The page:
Share this post


Link to post
Share on other sites


Well, that's just the result of being isolated in the suburbs. I'm sure his opinions would change with a few good "encounters" :). It can be just the opposite with some black people. I've been plenty of places with black people that really haven't visited places outside of Flint and Detroit (other than going down south to visit family) and they had the same reactions to white people.

It's annoying, but it's something that people usually get over after being in a diverse environment for a while.

Share this post


Link to post
Share on other sites

There are a number of mens clothing stores in the CBD. I don't know the names of them, because I haven't really bought much of that type of clothing in the last few years.

There are at least 2 stores in the Ren Cen.

There is Julian Scott on Cadillac Square and Randolf. There is a place in the Compuware Garage on Monroe near Randolf. There is at least on place on Congress or Larned in the financial district.

Looking at Mapdetroit.com....there is:

Classic Men's Wear on 1214 Randolf

Orlando's on 155 W Congress (The one I speculated about above)

JL Stone on 1231 Broadway

(Julian Scott is 140 Cadillac Square)

(Joseph A. Bank is one of the RenCen stores)

City Slicker at 1326 Broadway

(I believe that Hot Sams is the place in the CPW garage - 127 E Monroe)

(It looks like Brooks Brothers is another RenCen shop)

H and H at 535 Griswold

Those are only the places that are labeled as Men's Clothing. There are others I'm sure that sell both mens and womens.

So I counted 9 mens clothing stores in the CBD. People say there is no retail...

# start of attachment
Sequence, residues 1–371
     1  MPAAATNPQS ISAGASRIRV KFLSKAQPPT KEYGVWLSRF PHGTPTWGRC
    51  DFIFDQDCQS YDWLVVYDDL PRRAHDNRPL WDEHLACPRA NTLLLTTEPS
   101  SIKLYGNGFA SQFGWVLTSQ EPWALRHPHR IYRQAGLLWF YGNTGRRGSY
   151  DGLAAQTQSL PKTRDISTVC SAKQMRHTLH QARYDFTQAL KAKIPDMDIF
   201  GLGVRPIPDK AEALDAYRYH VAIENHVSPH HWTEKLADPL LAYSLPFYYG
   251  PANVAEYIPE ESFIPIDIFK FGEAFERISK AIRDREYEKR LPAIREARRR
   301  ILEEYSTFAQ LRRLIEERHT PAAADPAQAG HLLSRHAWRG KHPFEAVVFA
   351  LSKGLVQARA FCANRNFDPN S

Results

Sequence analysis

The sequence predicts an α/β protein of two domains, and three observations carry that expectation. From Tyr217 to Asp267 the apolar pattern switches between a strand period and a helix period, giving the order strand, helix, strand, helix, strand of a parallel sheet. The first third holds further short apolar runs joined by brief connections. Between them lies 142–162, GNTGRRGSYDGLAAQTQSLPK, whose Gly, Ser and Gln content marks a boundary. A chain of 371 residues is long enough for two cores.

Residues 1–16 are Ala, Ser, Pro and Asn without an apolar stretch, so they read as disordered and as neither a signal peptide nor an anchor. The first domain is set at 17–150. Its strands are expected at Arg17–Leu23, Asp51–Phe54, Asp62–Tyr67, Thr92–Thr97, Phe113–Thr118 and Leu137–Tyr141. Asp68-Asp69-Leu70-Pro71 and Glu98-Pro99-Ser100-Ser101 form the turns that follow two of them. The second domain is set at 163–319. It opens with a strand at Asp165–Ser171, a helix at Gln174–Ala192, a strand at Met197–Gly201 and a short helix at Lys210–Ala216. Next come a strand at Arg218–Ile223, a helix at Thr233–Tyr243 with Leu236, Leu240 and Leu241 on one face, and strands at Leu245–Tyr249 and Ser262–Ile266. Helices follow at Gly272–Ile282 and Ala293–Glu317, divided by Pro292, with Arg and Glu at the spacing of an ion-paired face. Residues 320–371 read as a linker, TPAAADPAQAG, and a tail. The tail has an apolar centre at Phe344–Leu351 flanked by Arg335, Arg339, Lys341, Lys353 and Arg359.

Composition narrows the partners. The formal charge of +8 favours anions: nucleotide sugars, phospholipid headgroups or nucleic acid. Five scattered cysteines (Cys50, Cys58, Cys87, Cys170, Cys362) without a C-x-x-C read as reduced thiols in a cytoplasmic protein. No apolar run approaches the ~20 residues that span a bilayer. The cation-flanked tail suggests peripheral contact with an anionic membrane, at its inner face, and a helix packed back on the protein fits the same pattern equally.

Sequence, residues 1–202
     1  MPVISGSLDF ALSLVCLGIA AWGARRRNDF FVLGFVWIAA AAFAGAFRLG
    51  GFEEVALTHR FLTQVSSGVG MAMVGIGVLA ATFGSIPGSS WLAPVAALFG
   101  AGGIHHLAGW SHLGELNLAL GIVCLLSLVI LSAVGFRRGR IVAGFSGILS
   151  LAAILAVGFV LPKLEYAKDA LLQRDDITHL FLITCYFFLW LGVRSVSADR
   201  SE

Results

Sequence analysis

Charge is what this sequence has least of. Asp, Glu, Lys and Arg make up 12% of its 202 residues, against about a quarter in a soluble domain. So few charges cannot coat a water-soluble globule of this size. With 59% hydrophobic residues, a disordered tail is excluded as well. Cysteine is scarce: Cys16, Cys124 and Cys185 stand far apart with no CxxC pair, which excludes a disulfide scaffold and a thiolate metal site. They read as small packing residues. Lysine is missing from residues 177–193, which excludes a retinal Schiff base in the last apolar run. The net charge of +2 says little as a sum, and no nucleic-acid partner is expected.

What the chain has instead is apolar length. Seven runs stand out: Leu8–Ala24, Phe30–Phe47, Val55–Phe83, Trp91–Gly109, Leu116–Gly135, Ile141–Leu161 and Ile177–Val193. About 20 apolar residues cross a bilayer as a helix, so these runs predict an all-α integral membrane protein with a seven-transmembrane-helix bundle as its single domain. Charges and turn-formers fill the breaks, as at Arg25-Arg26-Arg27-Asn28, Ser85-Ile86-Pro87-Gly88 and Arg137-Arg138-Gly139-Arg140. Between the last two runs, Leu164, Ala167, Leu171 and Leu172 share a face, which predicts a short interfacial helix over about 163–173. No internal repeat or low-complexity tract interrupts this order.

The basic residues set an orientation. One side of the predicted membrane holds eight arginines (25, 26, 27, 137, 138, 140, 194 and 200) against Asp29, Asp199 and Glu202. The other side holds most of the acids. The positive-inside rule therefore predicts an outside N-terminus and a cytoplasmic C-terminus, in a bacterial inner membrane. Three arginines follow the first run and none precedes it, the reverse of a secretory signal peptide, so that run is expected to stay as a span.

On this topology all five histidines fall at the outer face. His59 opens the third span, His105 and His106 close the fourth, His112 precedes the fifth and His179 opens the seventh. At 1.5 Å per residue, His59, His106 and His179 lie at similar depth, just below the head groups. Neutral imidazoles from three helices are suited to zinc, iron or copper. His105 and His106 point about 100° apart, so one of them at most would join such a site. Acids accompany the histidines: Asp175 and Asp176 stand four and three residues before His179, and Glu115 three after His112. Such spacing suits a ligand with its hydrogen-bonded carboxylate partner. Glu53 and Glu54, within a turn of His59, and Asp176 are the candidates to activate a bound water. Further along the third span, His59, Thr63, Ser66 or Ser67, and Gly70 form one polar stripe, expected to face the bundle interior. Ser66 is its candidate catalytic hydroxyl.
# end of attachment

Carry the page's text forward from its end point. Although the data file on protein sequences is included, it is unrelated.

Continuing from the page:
Share this post


Link to post
Share on other sites

It's shameful to say, but I haven't been back to Detroit for several years. My overall impression of the city, however, has been of 'past glory'. Looking down the streets one can only imagine how stunning the buildings all were back in their prime during the first half of the century. Ex: Michigan Theater turned parking lot. It's sad to see so much history and many architectural treasures given to decay by abuse and abandonment.

With that said, there is still much hope for rebirth. I know there are a lot of people working progressively to reshape the image of downtown. With the upcoming All-Star Game and the Super Bowl, I hope attention comes back to the midwest's forgotten giant. I know I'll be coming soon catch a Tiger's game! :thumbsup:

I look foward to seeing what Detroit will become in the very near future.

Share this post


Link to post
Share on other sites

That is a nice little map. It isn't anywhere near complete, but it gives you a good idea of where some of the more major stores & restaurants are.

Share this post


Link to post
Share on other sites